KOWET-BEIRUT – Kuwait has taken the Gulf’s escalation against Lebanon to a new level as diplomatic and media campaigns are complemented by visa restrictions that may affect Lebanese expatriates in the country.
Gulf sources do not expect such measures to stop in Kuwait and believe that the rest of the Gulf Cooperation Council countries could also impose stricter restrictions on Lebanese communities in the region.
The sources told The Arab Weekly that Gulf governments have no plans to end the row over Lebanon’s information minister, George Kordahi’s critical remarks before sending an unequivocal message to the Lebanese officials. The fact is that “the era of accommodation is over and that the support of the Gulf will be conditioned in the future on Lebanese political positions commensurate with the fair consideration of the Gulf countries in Lebanon”.
The sources added that Kuwait in particular has more than one reason to tighten visa issuance on Lebanese, given Hezbollah’s continued interference in Kuwaiti affairs and the security concerns it causes for the country’s authorities. oil-rich Gulf. Local reports in Kuwait said security services discovered a new cell collecting money and donations and recruiting activists on behalf of the pro-Iranian Lebanese party.
The dismantling of the cell coincided with reports that the Emir of Kuwait’s amnesty bill includes a reduction in sentences for those arrested in the 2015 Abdali case involving collaboration with Iran and the Hezbollah and the possession of a huge cache of weapons on a farm near the Iraq border.
Kuwait had previously called on the Lebanese authorities to take the necessary measures to put an end to Hezbollah’s practices which “threaten the security and stability of Kuwait”, but this did not yield any results. This helped convince the Kuwaiti authorities to take yet another retaliatory measure limiting the number of visas for Lebanese nationals.
“A verbal decision has been taken to be stricter in the granting of tourist and business visas to Lebanese,” a Kuwaiti security source told AFP on Wednesday, asking not to be identified.
The source stressed that no official decision had been taken and that visas for visitors to Lebanon had not been suspended.
Kuwait, which is home to some 50,000 Lebanese, has also asked the charge d’affaires of Beirut, its top diplomat in the emirate, to leave the country.
More than 300,000 Lebanese live in the Arab Gulf States, providing an essential financial lifeline for the faltering Lebanese economy.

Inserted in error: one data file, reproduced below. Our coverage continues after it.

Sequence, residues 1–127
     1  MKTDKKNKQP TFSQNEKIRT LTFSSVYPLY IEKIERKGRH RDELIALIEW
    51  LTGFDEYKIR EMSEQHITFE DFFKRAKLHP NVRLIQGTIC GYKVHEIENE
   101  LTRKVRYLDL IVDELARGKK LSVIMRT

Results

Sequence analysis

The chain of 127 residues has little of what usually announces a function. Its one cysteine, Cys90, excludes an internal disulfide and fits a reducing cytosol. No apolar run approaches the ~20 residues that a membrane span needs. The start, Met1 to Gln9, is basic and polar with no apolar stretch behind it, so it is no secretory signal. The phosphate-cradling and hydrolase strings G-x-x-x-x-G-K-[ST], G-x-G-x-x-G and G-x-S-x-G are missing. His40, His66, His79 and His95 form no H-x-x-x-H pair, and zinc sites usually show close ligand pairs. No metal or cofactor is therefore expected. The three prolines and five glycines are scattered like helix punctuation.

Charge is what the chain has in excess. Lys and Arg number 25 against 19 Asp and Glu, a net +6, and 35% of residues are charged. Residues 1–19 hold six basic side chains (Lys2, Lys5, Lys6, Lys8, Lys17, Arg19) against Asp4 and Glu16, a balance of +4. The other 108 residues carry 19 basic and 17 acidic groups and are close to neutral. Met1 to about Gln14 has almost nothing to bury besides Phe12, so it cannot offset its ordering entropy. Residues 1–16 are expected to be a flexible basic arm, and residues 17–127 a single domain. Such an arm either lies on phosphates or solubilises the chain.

Lebanese diplomats are aware that any tightening by the Gulf countries of their policies on remittances will increase the difficulties for the Lebanese inside, already facing a major economic and social crisis.
Lebanon’s ambassadors to Saudi Arabia and Bahrain met with Lebanese Prime Minister Najib Mikati in Beirut on Wednesday to discuss the impact of the crisis on the country’s expatriate communities.
They expressed “fears of growing repercussions on bilateral relations between Lebanon and the Gulf States and the interests of the Lebanese living in these countries,” according to a statement from the Lebanese Prime Minister’s office.
The two ambassadors stressed that “every day of delay in resolving the crisis will make it more difficult to re-establish these relations”.
The Lebanese have in the past used the support of the Gulf, mainly Saudi Arabia, to mitigate the impact of their urgent crises, such as the oil or electricity crises. The influx of tourists from the Gulf has also given an economic boost to Lebanon.
Lebanese analysts say most officials in Beirut believe the current crisis will not pass easily and that Saudi Arabia and the rest of the Gulf countries want to show that they are unwilling to be lenient when they are. subjected to hostile targeting.
They add that Lebanese policymakers have clearly received Riyadh’s message, which means the kingdom and its allies will no longer continue to provide aid and investment to help a political class that serves Hezbollah’s interests.
Saudi Foreign Minister Prince Faisal bin Farhan stressed this month that “there is no point” in dealing with Lebanon in light of the “continued domination of Iranian proxies” over the Arab country, in reference to Hezbollah.
The diplomatic crisis between Lebanon and Saudi Arabia was sparked by statements by Kordahi, in which he said that Iranian-backed Houthi rebels in Yemen were “defending themselves” in the face of “external aggression” from the ‘Saudi Arabia. Kordahi’s comments were made in August before he took office, but were published on October 25.
At the end of last month, Saudi Arabia, Bahrain and Kuwait asked the heads of Lebanese diplomatic missions to leave their countries and decided to recall their ambassadors from Beirut. The United Arab Emirates also recalled their diplomats from Beirut in solidarity with Riyadh.
Saudi Arabia also announced a ban on Lebanese imports.
The kingdom is Lebanon’s third-largest export market, accounting for 6% of the country’s exports in 2020, worth around $ 217 million, according to the Lebanon Chamber of Commerce.